In our last post, we talked about the importance of good content in terms of improving your search engine rankings. Now let's discuss good content in terms of what makes it 'good'.
Creating unique, high-quality, educational content should be the number one task on your list if you want your content marketing programme to succeed. Just producing original content and posting it online is not sufficient. As an attorney or law firm, you must generate content that is tailored to your specific target audience.
If you look online at your competition, you may notice that many of them produce content that is rather vanilla, such as how to know whether you have a case and how to select the right attorney. Generic information such as this could be posted on any practice website in any location, regardless of practice area.
The real challenge to creating valuable content is anticipating what your ideal user is looking for. The aim is to create keyword-rich content that delivers succinct, accurate and easy-to-digest information which gives potential clients exactly what they need. The more relevant the content, the longer users will stay on your site and the more time you get to credential your practice as knowledgeable and trustworthy.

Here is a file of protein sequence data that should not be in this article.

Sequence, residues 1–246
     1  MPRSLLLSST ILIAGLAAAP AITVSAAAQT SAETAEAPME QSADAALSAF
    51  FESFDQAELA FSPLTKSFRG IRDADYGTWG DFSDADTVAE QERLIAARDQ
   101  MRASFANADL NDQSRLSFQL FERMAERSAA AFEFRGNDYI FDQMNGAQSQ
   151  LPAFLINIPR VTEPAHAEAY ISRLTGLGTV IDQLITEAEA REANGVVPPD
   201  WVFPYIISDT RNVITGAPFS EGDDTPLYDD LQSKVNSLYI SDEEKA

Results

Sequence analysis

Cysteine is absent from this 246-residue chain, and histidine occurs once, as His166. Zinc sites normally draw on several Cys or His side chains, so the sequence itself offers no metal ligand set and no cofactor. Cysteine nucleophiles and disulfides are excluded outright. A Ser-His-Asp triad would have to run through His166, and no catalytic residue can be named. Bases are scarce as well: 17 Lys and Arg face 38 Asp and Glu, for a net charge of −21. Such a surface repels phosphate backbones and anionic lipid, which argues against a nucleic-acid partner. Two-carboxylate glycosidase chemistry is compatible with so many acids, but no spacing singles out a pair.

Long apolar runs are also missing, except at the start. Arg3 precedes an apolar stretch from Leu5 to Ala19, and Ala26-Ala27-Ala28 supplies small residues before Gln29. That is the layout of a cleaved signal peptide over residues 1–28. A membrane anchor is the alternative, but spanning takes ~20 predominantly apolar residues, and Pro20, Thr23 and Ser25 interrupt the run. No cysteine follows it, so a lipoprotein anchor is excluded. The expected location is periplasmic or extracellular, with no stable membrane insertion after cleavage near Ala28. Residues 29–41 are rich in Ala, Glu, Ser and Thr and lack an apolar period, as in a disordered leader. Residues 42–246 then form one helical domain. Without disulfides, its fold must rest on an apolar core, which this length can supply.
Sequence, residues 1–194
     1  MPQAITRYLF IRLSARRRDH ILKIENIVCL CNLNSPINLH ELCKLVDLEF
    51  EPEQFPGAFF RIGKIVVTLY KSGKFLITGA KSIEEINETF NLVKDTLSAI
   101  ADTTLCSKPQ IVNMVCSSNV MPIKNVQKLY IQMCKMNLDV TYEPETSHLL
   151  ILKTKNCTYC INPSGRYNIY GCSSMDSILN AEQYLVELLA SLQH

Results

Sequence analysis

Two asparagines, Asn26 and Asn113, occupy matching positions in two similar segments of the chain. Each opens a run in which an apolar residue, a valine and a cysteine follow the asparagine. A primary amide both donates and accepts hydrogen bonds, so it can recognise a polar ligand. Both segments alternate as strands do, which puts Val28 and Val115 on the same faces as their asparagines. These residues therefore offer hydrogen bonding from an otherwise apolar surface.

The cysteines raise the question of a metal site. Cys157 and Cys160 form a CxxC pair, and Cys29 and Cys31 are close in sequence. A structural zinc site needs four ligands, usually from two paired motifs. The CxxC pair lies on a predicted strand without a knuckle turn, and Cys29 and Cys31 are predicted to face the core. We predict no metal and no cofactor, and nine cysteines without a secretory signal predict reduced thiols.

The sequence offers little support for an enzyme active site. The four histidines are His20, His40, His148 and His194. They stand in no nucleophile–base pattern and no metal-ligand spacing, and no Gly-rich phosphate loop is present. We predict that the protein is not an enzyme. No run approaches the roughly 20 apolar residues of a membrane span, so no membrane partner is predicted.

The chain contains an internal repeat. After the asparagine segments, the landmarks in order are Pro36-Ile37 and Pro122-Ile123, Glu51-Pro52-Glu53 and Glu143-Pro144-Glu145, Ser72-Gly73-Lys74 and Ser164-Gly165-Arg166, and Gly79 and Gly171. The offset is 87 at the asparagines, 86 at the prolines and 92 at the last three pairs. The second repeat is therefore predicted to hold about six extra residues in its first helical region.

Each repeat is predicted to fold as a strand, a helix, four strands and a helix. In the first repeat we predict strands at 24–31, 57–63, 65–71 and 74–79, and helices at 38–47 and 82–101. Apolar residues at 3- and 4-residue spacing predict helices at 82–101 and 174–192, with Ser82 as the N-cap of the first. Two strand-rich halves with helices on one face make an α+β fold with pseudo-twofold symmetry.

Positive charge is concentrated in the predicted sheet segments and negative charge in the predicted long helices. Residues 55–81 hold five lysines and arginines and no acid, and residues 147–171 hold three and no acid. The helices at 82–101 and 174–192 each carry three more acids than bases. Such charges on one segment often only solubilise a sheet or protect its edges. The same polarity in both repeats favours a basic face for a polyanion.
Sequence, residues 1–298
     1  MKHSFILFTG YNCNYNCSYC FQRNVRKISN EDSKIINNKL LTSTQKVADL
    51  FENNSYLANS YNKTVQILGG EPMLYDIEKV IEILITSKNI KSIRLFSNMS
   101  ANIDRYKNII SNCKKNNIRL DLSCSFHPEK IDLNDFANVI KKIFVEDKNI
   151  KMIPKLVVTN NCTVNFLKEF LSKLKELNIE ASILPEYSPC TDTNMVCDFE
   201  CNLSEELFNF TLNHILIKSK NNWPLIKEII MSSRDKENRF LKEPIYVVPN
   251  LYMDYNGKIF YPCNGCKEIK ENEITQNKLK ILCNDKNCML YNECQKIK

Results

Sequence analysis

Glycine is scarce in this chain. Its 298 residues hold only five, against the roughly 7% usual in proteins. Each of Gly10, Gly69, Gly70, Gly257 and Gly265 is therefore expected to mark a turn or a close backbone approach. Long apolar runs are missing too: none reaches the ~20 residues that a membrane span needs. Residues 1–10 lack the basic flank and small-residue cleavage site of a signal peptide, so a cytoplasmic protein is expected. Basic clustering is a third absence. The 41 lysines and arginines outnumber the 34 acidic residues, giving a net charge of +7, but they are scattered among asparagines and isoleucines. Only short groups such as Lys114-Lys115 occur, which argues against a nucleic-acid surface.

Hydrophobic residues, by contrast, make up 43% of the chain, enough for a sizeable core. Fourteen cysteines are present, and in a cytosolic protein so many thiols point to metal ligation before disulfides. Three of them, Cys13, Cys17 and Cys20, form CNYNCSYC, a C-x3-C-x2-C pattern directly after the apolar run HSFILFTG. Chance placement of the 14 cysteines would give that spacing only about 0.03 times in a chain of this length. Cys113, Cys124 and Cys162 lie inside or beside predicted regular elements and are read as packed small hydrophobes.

Attorney, know thy client
Before putting pen to paper (or fingertips to keyboard), take time to consider your target clients. Who exactly are they? You need to move beyond "They are organisations that need legal assistance in this practice area". Make a list of attributes.
First, start with demographics:
Next, consider the reasons why they would come to you:
Which specific areas of expertise will they want to know about?
The answers you provide will give insight into the companies and individuals at which to target your content. Highly targeted content not only attracts your ideal client, but also deters untargeted web traffic that could harm your bounce rate and negatively affect search engine optimisation. By precisely identifying your target client, you can begin to create useful content addressing the questions that potential profitable clients are likely to search for.